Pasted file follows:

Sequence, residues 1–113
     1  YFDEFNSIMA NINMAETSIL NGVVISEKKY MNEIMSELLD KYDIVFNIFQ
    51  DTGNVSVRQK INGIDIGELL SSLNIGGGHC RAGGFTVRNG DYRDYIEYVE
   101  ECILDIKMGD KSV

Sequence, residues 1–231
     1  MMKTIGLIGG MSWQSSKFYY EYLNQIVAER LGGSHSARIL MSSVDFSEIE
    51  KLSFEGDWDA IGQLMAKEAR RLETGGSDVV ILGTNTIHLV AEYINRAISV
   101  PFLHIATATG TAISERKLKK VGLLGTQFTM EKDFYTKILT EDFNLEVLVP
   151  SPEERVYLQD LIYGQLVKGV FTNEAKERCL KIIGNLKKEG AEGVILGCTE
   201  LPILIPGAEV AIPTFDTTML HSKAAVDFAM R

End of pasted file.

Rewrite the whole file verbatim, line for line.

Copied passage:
Sequence, residues 1–113
     1  YFDEFNSIMA NINMAETSIL NGVVISEKKY MNEIMSELLD KYDIVFNIFQ
    51  DTGNVSVRQK INGIDIGELL SSLNIGGGHC RAGGFTVRNG DYRDYIEYVE
   101  ECILDIKMGD KSV

Sequence, residues 1–231
     1  MMKTIGLIGG MSWQSSKFYY EYLNQIVAER LGGSHSARIL MSSVDFSEIE
    51  KLSFEGDWDA IGQLMAKEAR RLETGGSDVV ILGTNTIHLV AEYINRAISV
   101  PFLHIATATG TAISERKLKK VGLLGTQFTM EKDFYTKILT EDFNLEVLVP
   151  SPEERVYLQD LIYGQLVKGV FTNEAKERCL KIIGNLKKEG AEGVILGCTE
   201  LPILIPGAEV AIPTFDTTML HSKAAVDFAM R